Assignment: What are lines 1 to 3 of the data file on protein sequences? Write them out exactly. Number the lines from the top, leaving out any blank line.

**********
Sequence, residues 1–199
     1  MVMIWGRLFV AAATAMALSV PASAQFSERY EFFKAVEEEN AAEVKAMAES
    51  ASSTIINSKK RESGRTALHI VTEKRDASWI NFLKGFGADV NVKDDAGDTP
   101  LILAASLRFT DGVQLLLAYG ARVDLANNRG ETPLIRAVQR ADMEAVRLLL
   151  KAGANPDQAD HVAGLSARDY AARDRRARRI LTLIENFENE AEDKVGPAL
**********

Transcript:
Sequence, residues 1–199
     1  MVMIWGRLFV AAATAMALSV PASAQFSERY EFFKAVEEEN AAEVKAMAES
    51  ASSTIINSKK RESGRTALHI VTEKRDASWI NFLKGFGADV NVKDDAGDTP